La Quinta Camera

La Quinta Camera, By Natsume Ono Translation: Joe Yamazaki Touch-up Art/Lettering: Gia Cam Luc Design: Fawn Lau.
By Natsume Ono
Translation: Joe Yamazaki
Touch-up Art/Lettering: Gia Cam Luc
Design: Fawn Lau

La Quinta Camera was a webcomic series that established Natsume Ono as a mangaka in Japan, but was translated by Viz after her later work Ristorante Paradiso. Nonetheless, one can see a number of commonalities between the two works. Ono displays an early fascination with the Western cultural milieu, particularly Italy. And just as in Ristorante Paradiso, the manga has a thing for adult males of a certain age. Even in her first story, Ono handles the lives of her characters with a deft and light touch, devoid of any cheap melodrama.

The manga does contain a few surprises. Considering Ono’s more mature minimalist style, La Quinta Camera’s art is practically primitive by comparison. Ono’s figures are blockier and more squat, almost reminiscent of early Cubism. Her lines are more uniform, as if she only used technical pens which produced a certain line thickness. This results in characters who are more archetypal in appearance. They’re recognizable primarily through larger features like their hairstyles, or preferred items of clothing.

Ono also uses a much simpler setup to make her story work. In the first chapter, a young woman from Denmark arrives at an unnamed Italian city and immediately suffers a series of mishaps. We learn that she’s here to learn the language. But after losing her personal belongings, getting lost, interacting with a few of the locals, and finally managing to find the language school, she’s directed to an apartment building for her room and board. To her surprise, she discovers that her hosts happen to be the very locals she met earlier on the street. If this were a more conventional story, the rest of the manga would be about the fish-out-of-water misadventures of the woman and her 4 eccentric roommates.

But this isn’t the case at all. In the next chapter, the woman has already moved out of the apartment and an artist has moved into the room. We learn that the owner has arranged with the school to rent the apartment’s 5th room to the school’s foreign students, who usually stay for a short period. Each chapter introduces a different student, and their outside perspective allows us to learn a little more about the 4 permanent residents in the apartment.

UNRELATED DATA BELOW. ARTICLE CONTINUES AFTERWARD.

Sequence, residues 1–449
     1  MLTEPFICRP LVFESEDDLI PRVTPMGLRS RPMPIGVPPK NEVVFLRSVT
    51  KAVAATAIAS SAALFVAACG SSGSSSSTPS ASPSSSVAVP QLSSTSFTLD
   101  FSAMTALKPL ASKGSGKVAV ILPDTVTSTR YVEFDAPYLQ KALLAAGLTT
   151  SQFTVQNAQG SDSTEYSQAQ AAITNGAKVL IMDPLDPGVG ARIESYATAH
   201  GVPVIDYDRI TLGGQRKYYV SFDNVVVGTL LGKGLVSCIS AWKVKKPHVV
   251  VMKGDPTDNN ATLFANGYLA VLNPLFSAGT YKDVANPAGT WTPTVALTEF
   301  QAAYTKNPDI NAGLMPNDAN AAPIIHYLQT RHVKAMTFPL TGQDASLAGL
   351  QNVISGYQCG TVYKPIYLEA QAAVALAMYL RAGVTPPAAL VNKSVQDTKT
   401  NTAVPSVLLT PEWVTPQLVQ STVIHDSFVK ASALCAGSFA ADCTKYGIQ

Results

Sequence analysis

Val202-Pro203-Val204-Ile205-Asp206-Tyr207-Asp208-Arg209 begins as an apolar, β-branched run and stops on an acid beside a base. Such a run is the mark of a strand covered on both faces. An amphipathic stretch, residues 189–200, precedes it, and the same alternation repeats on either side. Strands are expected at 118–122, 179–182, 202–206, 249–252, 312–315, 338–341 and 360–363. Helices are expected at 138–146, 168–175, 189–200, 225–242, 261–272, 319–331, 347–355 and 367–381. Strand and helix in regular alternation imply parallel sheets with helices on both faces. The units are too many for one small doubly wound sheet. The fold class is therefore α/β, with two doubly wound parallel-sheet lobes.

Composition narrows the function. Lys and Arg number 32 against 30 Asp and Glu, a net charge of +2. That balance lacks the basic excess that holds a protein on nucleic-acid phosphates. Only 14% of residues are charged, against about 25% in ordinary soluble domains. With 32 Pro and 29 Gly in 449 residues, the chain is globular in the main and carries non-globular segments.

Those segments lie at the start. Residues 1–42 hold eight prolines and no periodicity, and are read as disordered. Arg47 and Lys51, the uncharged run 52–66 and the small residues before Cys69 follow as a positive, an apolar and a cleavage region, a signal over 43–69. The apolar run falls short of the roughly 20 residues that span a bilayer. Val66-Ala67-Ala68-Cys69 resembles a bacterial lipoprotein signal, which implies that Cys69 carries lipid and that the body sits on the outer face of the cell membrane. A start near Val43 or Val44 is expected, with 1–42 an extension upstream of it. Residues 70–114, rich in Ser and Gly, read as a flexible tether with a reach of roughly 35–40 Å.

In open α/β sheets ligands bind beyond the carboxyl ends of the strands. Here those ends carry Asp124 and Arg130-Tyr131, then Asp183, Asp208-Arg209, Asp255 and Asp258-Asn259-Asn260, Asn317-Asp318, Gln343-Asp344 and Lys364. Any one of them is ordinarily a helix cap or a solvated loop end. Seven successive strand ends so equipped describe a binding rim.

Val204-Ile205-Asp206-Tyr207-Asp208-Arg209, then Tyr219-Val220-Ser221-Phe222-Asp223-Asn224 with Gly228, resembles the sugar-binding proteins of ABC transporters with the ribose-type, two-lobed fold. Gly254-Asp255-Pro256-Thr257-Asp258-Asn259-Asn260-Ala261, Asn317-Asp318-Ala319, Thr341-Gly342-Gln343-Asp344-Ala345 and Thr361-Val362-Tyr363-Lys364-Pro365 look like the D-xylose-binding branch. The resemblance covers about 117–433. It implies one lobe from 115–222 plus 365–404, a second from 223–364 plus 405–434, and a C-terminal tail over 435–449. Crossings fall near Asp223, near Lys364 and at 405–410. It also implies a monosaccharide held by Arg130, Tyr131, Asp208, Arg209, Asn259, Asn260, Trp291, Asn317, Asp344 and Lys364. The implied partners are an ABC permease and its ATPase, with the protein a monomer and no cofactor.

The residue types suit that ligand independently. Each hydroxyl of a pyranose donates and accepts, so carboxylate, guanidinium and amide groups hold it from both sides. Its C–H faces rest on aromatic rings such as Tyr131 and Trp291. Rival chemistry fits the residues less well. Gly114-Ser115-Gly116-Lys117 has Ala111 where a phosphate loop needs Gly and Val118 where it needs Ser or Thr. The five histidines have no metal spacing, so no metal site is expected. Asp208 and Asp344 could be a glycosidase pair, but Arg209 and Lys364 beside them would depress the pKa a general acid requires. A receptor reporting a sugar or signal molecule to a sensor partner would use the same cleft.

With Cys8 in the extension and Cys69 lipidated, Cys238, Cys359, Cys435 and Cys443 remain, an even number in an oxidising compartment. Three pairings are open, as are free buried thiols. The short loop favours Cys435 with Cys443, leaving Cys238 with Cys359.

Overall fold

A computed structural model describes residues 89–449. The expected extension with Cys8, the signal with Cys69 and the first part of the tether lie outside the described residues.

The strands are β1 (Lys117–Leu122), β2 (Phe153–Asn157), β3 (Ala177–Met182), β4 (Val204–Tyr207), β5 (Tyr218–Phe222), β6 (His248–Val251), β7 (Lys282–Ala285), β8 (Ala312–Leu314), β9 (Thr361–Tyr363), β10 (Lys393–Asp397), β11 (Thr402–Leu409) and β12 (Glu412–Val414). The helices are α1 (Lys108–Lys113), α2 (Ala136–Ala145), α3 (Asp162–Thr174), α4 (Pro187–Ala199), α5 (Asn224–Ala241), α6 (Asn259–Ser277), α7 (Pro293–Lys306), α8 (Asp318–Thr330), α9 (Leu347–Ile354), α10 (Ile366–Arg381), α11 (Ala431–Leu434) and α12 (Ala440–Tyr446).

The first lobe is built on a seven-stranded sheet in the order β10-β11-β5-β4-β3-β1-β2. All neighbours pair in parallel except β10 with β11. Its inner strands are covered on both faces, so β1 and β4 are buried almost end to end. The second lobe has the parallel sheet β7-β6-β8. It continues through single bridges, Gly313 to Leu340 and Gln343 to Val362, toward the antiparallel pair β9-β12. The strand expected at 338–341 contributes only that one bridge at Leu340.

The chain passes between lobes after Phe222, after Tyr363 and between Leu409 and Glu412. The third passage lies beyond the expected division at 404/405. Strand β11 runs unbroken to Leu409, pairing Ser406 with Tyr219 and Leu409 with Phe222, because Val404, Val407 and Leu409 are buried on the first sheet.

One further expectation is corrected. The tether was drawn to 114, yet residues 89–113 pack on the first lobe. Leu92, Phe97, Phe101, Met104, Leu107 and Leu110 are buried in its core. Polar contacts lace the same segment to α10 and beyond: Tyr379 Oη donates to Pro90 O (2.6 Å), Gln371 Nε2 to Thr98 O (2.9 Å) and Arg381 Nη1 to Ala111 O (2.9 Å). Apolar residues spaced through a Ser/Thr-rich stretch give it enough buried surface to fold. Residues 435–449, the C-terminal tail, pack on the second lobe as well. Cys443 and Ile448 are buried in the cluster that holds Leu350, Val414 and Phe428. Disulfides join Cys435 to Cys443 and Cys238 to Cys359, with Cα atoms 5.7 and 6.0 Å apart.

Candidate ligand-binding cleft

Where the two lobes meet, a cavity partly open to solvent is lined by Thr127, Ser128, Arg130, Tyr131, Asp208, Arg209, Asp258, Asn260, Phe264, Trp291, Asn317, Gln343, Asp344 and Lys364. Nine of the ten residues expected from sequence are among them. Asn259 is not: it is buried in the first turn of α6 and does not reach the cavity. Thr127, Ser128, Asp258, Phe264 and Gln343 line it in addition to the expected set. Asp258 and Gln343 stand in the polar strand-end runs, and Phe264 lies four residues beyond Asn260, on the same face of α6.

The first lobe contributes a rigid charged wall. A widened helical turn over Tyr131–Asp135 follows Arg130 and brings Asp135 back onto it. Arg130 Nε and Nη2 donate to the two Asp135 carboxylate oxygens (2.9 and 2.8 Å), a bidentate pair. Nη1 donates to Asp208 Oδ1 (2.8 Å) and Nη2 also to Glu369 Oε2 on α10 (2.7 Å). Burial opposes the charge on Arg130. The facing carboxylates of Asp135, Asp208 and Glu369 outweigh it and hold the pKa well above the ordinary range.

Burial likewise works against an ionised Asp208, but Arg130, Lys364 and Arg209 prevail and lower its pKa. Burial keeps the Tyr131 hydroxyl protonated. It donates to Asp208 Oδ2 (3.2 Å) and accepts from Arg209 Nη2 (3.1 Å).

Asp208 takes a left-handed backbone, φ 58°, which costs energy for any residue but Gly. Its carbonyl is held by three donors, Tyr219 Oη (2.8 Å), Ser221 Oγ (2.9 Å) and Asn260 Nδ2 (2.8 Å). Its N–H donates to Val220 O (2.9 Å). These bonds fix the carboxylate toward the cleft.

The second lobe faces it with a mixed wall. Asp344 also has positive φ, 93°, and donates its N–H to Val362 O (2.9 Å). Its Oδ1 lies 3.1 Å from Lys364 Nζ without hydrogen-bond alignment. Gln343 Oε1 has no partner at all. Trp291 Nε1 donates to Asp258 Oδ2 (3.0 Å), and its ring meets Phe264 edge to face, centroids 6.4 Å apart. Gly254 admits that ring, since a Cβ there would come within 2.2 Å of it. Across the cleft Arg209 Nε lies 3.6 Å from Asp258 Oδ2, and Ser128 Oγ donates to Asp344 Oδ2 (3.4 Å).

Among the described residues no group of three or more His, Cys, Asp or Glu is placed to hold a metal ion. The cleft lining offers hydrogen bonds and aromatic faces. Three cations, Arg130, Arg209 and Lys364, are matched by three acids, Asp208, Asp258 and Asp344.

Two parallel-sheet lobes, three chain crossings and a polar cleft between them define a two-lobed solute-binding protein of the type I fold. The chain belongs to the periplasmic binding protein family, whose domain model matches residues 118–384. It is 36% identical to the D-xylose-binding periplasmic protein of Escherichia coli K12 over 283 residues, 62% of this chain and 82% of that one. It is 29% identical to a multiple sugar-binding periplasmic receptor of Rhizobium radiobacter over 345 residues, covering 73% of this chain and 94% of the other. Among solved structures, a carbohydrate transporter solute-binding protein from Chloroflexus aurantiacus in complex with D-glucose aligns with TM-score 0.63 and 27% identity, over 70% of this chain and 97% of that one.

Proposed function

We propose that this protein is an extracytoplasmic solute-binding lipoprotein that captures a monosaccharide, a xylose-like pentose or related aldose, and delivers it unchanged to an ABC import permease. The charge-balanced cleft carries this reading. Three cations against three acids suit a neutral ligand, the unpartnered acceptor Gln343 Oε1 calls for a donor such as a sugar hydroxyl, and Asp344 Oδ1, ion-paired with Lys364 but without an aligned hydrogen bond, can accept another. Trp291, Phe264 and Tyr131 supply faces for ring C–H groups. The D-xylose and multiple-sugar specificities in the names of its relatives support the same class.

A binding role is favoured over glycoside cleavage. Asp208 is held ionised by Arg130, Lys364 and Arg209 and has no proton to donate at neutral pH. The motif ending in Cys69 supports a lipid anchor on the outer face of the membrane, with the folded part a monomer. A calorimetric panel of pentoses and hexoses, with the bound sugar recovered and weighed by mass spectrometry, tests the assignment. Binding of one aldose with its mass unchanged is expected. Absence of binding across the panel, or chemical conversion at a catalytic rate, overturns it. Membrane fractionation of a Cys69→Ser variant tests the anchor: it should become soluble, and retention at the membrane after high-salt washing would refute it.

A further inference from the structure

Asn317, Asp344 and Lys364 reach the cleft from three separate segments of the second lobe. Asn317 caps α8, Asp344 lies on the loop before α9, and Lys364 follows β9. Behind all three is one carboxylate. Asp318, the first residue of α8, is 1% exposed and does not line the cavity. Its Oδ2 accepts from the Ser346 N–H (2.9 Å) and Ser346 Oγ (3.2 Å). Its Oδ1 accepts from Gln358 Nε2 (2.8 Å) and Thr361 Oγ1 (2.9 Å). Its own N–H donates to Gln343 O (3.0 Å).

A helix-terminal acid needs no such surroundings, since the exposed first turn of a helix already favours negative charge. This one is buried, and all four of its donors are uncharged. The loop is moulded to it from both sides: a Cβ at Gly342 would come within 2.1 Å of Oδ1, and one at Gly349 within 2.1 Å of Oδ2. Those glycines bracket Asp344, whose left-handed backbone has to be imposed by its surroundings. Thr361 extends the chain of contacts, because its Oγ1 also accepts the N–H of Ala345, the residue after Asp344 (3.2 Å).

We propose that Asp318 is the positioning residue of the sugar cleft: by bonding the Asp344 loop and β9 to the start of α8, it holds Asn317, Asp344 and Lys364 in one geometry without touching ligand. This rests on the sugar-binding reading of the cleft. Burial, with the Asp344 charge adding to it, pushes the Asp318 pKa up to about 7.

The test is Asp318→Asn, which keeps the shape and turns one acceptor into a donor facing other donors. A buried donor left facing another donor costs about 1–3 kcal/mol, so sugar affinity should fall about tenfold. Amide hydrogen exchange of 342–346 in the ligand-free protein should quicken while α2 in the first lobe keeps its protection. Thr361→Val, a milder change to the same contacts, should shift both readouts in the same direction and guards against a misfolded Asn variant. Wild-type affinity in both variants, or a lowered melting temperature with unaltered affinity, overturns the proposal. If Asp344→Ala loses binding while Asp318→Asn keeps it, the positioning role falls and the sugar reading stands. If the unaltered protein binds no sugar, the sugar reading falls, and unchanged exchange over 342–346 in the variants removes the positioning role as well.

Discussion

While they might not be the center of attention, the students are nonetheless an important component. There’s an opportunity to further ground the setting in local color through comparisons with the customs of the students. Many of those interactions take place over a warm meal. A shy Japanese youngster comments about the differences between how Italians and Japanese celebrate the Christmas season over preparations for a big feast. On another occasion, the hosts are mortified over how one American’s love for french fries has permeated the apartment with an unwanted greasy stench.

Overall, this approach makes for an easily accessible work. The story builds through the accumulation of intimate conversations, mundane observations, and tiny revelations. We come to realize what mini tragedies brought these individuals together, and appreciate the generous spirit that compels them to open their home to a varied and ever-changing flock of strangers. The meandering narrative is like taking a casual stroll through a friendly and welcoming neighborhood where the locals wouldn’t hesitate to talk about their lives over coffee and panino.